[Less] Mercury (Hg) pollution is a concern to human and wildlife health worldwide, and management strategies . . . [More] Mercury (Hg) pollution is a concern to human and wildlife health worldwide, and management strategies that reduce Hg inputs to aquatic systems are of broad interest. Using a replicated field-scale study in California's Sacramento-San Joaquin Delta, we tested the effectiveness of chemically enhanced treatment wetlands (CETWs) under two coagulation treatments, polyaluminum chloride (Al treatment) and ferric sulfate (Fe treatment), in their initial removal and longer-term sequestration of Hg compared to untreated control wetlands. The primary mechanism for Hg removal by CETWs was the transfer of Hg from filtered forms to insoluble particulate forms and enhanced settling of particles. CETWs resulted in total Hg annual load removals of 63 ng m-2 yr-1 (71%) and 54 ng m-2 yr-1 (54%) for the Al and Fe treatments, respectively. Control wetlands removed significantly less at 13 ng m-2 yr-1 (14%). Load removals indicate that Fe treatment wetlands more effectively reduced filtered and total methylmercury (MeHg) exports, while Al treatment wetlands more effectively reduced particulate MeHg and total Hg exports. These differences in Hg species load reductions possibly indicate different mechanisms of Hg sequestration; current data suggest more effective floc formation and particle settling was likely responsible for the Al treatment behavior, while either preferential MeHg sequestration or methylation suppression was potentially responsible for Fe treatment behavior. Differences in Hg sequestration behavior post-coagulation between the flocs formed by different coagulants indicate the importance of in-situ studies and the need for careful selection of coagulant treatment depending on the Hg species requiring remediation.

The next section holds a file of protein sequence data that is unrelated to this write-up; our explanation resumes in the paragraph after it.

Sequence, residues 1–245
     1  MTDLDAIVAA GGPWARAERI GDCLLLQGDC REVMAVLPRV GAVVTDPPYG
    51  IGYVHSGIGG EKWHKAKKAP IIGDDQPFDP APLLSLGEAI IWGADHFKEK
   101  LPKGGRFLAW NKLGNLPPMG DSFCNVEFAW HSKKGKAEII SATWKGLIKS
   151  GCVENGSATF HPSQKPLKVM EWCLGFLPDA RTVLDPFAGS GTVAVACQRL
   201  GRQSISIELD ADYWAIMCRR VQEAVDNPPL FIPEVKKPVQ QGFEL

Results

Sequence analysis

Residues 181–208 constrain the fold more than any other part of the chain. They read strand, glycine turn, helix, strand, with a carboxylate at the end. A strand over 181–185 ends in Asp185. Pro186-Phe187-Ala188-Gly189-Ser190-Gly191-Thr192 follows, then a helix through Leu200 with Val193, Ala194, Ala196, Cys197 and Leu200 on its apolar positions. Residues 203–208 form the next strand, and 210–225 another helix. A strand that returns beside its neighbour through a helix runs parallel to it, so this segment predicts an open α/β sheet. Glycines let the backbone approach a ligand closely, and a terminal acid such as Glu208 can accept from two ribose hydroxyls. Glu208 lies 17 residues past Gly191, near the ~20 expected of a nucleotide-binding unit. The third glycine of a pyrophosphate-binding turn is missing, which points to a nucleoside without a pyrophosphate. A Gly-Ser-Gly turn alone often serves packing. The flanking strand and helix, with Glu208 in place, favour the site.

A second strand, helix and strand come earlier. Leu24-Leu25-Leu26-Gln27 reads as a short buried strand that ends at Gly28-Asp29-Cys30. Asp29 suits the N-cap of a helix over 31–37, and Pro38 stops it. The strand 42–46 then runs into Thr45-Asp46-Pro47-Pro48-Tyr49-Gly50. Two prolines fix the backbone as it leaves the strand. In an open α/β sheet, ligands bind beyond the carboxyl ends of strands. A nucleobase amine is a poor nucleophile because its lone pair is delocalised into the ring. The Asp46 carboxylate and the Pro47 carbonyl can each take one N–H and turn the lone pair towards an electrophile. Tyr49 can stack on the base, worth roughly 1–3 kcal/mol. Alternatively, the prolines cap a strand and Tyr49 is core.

The "refereed" or "peer review" status of a journal comes from the Ulrichsweb Global Serials Directory (http://ulrichsweb.serialssolutions.com/), as supplied by the publisher. The term refers to the system of critical evaluation of manuscripts/articles by professional colleagues or peers. The content of refereed publications is sanctioned, vetted, or otherwise approved by a peer-review or editorial board. The peer-review and evaluation system is utilized to protect, maintain, and raise the quality of scholarly material published in serials. Publications subject to the referee process are assumed, then, to contain higher quality content than those that are not.
Peer Reviewed Journal Article

A pilot study on using biochars as sustainable amendments to inhibit rice uptake of Hg from a historically polluted soil in a Karst region of China